Reader's tips on keeping kitty out of the flowerbeds, recycling rubber, getting rid of flies and much more.
Over the years I have jump-started many vehicles for friends and strangers. Unless the driver leaves the headlights on, the most common reason for jump-starting is improper care of the car's battery. In addition to heavy-duty jumper cables, I always carry a 1/2" wrench, a 10-mm wrench, pliers, a terminal puller, and a battery post—terminal cleaner. During warm weather I also carry a plastic bottle of distilled water and a metal pouring cup. I take a couple of minutes to check and refill the battery-fluid level with the distilled water. Then I remove the battery-cable terminals, clean the posts and terminals, and reclamp them. In many instances this is enough for the car to start. If it doesn't correct the problem, I jump-start the battery.
— D. Wayne Reed
Instead of throwing away old bike and automobile inner tubes, I make rubber bands out of them. I cut them into 3/8" to 1" bands, depending on the strength needed. Use large bands to hold up trash can liners in wastebaskets, or fill inner tubes with sand to make extra weights. Smaller tubes are perfect for tying cords and ropes together and for holding together tackle and toolboxes that have broken latches and won't stay closed. I've used these bands for dozens of different purposes—they last a long time.
— Kevin W. Hill
I have two ideas I'd like to contribute to MOTHER. The first one concerns clogged drains: Now that we have plastic mosquito netting for window screens, it occurred to me that I could put a small circle of this netting in the bathtub drain to keep hair out. We tried it over a year ago and it works great.
The second tip deals with rusted caps that are hard to twist on and off of bottle tops (like those on vinegar bottles). I give the caps a light swipe with cooking oil, which lubricates them, and then I twist them on and off until smooth again. This may sound like a small problem, but in our country certain bottles and jars have great value.
— Mrs. F. W Brown Nairobi, Kenya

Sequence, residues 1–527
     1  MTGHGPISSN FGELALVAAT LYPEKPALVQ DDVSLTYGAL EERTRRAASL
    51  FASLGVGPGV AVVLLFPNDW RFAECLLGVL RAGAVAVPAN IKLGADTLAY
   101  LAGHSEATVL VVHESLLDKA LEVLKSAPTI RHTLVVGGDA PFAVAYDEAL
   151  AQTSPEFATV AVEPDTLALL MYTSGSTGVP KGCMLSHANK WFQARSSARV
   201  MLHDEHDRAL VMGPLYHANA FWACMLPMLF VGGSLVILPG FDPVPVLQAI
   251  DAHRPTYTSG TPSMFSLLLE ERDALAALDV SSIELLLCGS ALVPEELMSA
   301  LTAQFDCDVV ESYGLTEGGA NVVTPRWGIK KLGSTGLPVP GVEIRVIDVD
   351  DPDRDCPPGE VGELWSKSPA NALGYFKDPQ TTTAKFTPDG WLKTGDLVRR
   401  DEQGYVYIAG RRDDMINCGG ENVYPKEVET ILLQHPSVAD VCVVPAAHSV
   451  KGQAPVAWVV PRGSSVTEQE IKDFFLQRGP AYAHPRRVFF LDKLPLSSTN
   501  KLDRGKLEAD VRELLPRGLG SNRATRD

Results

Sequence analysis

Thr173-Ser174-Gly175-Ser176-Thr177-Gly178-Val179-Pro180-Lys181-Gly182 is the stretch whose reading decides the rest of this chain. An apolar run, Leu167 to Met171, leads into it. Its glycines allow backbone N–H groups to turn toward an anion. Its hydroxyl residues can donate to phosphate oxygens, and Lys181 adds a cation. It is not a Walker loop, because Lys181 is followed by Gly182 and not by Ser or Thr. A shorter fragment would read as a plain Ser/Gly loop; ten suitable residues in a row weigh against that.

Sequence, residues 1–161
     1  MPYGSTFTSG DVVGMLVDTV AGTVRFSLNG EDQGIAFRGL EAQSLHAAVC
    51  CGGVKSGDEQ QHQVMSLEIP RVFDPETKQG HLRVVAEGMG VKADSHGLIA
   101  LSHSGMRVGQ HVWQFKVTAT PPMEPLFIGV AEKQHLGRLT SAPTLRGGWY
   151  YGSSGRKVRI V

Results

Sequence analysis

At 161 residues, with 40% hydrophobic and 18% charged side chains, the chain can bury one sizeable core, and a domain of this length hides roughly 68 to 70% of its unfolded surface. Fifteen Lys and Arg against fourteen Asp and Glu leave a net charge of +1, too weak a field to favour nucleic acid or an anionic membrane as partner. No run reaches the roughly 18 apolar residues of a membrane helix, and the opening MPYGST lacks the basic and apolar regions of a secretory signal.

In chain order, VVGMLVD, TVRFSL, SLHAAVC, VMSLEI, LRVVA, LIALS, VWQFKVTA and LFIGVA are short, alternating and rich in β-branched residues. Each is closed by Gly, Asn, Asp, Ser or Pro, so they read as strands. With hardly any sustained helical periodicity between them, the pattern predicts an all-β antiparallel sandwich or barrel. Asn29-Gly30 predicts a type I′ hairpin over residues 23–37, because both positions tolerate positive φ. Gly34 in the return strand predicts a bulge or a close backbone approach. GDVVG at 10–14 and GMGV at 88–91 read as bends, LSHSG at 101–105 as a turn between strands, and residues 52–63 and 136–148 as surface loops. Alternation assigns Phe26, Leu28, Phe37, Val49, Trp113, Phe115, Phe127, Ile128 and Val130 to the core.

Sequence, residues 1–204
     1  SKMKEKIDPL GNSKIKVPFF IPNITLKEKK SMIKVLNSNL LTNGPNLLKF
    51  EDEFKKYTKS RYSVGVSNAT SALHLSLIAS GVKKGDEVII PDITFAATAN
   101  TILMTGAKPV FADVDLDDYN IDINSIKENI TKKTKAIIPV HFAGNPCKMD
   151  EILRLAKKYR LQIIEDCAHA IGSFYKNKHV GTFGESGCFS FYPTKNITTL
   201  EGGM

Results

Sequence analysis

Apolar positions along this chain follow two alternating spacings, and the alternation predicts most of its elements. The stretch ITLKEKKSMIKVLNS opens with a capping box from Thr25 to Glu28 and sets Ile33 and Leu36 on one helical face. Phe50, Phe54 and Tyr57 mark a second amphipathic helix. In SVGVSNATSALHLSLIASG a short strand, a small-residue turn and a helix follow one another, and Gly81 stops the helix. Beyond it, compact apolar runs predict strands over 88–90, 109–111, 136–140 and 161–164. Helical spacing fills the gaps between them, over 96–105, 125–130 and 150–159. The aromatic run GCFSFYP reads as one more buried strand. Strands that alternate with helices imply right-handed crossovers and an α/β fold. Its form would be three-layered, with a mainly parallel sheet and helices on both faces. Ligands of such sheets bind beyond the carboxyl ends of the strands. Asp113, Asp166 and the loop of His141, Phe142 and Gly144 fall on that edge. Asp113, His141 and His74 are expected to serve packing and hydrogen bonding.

With summer here, I have another good use for vinegar: sunburn.
Yes, even with the evils of the sun and warnings to use sunscreen faithfully, I still manage to get a burn now and then—especially on those occasions when I plan to just peek at the garden and then end up staying the entire afternoon.
All you have to do is add some vinegar to a bath (cool water is best) or dab some of the vinegar right on the burn with a drenched cloth. You may smell like a pickle, but it'll take tie heat out of the burn. Plus, you don't have to deal with gooey, heavy creams in the heat of the summer.
— Kristi C.
Here's a way to keep your kitty (or your neighbor's) away from your gardens and flower beds. Tear some orange peels into small pieces and scatter them on the ground by your garden. Cats dislike orange peels, and they'll stay clear of your plants and find somewhere else to dig.
— Lynda Herman
Deer Lodge, Montana
There is a surefire "death trap" to get rid of summertime flies. We live on the outskirts of a town of 800 and are surrounded by horses since everyone here is horse crazy. Of course, the fruit trees in town also attract the "undesirable" flies.
After emptying a two-liter bottle of pop, fill your empty bottle with one cup of sugar, one cup of vinegar, and one banana peel; then fill the bottle with water to within four or five inches from the top. Tie a heavy cord around the neck of the bottle, leave it uncapped, and tie it in your tree (fruit trees are best). You will be amazed at how many flies you catch by summer's end. Then, all you have to do is cap the bottle and dispose of it.
— Gladyce Sellhorst
For pesky flies in the house, I've been filling a clear glass halfway with water; then I add a small squirt of dish soap (or any other type of detergent). I've found that most flies settle on the ceiling during the evenings, which makes them hard to swat. All you have to do is hold the glass and lift it up rather slowly until it surrounds the fly. It usually won't fly away until the glass touches the ceiling, and then it'll fly directly down into the soapy water. A clear glass allows you to make sure the fly really dies. No mess.
— Gordon Denekas
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